India's currency move leaves visiting Bangladeshis in trouble
Several thousand Bangladeshis who are currently visiting India are left high and dry after New Delhi’s shock move to withdraw Rs 500 and Rs 1,000 bank notes from circulation.
In a bid to crack down on corruption, counterfeit currency and tax evasion, Indian Prime Minister Narendra Modi in a special address to the nation on Tuesday evening announced that 500- and 1,000-rupee notes would become invalid from midnight.
The move has put Indians and travelling Bangladeshis alike in a state of colossal inconvenience as retailers from restaurants to pharmacies and hospitals refused to accept the bills.
“We should be able to make the sacrifice of adjusting to such a move in national interest as it aims to tackle the evils of corruption, black money, fake currency and terrorism,” Modi said in his address.
The Daily Star spoke to six visiting Bangladeshis, who shared their unforeseen plight as a result of the sudden measure.
Take, for instance, Mukul Hasan, who hails from Narayanganj. He recently underwent a bypass surgery in a hospital in Kolkata and returned on Tuesday for follow-up examinations.
He had brought US dollars with him, which he exchanged for Rs 500 and Rs 1,000 denominations as soon as he arrived in Kolkata.
Following Modi’s announcement later in the day, Hasan found himself in trouble: he cannot even change his large denomination notes for new bills of 500 and 2,000 rupees that will be issued today.
The Indian government has announced that Indian citizens can get their Rs 500 and Rs 1,000 notes changed from banks and post offices between November 11 and December 30 by showing their Indian national ID cards.
In short, foreign tourists have no way to change their currencies into smaller denominations. Kunal Sarker, a cardiologist at Medica Hospital in Kolkata, acknowledged that Bangladeshi patients have been facing problems due to the ban on large bank notes.
Though hospitals and petrol stations were supposed to accept the large bills until November 11, Reuters reported that they have stopped doing so.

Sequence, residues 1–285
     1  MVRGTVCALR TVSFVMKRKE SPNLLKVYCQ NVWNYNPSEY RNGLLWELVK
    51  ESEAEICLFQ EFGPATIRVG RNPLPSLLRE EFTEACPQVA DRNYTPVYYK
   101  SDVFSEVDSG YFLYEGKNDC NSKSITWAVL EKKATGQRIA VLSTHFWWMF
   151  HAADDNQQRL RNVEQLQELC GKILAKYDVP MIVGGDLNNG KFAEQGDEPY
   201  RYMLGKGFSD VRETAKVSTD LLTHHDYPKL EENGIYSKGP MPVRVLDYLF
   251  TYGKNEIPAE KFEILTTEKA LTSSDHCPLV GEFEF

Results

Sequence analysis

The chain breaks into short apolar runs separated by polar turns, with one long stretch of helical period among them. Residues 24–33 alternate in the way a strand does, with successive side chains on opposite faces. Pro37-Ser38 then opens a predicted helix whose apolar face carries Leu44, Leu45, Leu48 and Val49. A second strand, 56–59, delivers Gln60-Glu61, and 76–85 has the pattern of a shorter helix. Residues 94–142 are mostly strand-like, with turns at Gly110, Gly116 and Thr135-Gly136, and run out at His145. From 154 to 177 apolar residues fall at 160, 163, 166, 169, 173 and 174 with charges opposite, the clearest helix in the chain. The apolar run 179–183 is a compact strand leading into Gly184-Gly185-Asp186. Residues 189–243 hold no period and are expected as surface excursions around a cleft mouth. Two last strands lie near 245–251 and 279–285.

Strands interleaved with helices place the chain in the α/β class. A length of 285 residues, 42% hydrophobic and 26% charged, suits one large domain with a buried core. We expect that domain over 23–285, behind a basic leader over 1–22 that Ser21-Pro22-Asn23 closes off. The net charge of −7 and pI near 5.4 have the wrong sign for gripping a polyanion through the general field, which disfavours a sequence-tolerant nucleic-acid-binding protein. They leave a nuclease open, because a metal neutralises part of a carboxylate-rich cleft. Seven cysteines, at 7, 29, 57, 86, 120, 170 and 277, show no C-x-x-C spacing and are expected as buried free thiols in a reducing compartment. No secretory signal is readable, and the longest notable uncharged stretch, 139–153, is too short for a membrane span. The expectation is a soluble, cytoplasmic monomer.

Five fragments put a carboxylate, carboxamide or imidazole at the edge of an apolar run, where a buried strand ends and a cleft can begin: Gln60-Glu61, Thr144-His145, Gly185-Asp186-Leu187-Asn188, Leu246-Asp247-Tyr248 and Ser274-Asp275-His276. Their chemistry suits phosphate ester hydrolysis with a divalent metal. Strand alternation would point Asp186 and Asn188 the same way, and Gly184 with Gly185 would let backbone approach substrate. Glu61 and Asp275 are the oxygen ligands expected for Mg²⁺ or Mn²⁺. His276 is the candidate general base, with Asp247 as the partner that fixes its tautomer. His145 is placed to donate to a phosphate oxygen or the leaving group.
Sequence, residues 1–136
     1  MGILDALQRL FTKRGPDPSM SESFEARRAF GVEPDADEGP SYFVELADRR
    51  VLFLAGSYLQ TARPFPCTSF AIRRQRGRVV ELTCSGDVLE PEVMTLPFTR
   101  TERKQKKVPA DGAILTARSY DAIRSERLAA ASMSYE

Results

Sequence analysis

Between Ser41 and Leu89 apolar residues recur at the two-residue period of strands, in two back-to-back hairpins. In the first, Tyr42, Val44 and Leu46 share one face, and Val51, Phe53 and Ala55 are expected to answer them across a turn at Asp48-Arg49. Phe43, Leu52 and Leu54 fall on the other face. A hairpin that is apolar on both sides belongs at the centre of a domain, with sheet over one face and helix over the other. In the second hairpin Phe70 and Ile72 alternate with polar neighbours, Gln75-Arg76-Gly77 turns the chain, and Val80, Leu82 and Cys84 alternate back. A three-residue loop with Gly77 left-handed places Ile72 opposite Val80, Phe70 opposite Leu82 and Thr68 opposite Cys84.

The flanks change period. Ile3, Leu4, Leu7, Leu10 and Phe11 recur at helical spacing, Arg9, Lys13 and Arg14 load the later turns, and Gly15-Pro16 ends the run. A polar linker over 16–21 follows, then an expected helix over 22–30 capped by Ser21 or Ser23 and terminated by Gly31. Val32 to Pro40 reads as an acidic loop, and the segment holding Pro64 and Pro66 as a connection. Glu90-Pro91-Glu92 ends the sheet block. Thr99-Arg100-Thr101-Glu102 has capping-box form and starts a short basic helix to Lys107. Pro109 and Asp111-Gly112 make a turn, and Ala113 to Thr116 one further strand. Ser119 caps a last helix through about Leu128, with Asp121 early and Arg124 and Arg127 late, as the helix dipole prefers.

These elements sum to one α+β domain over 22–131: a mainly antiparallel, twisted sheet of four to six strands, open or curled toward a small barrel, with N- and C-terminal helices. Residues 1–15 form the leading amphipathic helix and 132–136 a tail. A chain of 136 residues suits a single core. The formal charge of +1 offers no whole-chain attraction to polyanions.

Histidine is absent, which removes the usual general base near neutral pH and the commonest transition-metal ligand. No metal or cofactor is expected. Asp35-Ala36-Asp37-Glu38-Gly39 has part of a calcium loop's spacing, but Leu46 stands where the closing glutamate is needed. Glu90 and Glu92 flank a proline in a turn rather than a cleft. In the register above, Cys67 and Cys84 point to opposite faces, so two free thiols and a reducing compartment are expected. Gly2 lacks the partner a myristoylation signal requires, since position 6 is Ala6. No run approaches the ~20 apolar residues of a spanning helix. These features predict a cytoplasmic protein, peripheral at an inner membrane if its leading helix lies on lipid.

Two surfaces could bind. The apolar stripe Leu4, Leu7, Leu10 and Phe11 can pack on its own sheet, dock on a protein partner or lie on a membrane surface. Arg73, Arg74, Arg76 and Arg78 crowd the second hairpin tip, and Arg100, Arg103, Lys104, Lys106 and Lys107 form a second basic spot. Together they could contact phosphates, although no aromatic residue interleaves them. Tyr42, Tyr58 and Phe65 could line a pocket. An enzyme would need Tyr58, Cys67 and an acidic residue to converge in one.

Mamun Miah from Chittagong, who is accompanying his ailing mother for treatment in Bengaluru, told The Daily Star by phone on Tuesday night that even the hospitals are not accepting Rs 500 and Rs 1,000 notes.
Madhab Saha, a money changer at Petrapole border, said the Indian government’s decision has come as a bolt from the blue to Bangladeshi tourists.
As Bangladeshi tourists prefer to bring in Bangladeshi taka over US dollar, they end up with large denominations of the Indian currency for convenience.
Currency exchange has remained on pause since Tuesday night after Rs 500 and Rs 1,000 notes were scrapped.
“The money changers have no alternative but to give out bigger Indian notes. With them being invalid now, it is not possible do any currency conversions,” he added.
When contacted, Bangladesh Deputy High Commissioner Zaki Ahad said it is a decision of the Indian government, so there is nothing the foreign mission can do.
To be effective, the move had to be unexpected, but it was also fraught with problems for an economy largely fuelled by cash, especially for India’s poorest citizens, many of whom work in the large rural economy, Reuters said.
Deepak Chhatoi, a salesman at a car varnishing store in Mumbai, told Reuters he had to turn away customers wanting to pay with larger bills, and could not buy the popular potato sandwich known as vada pav.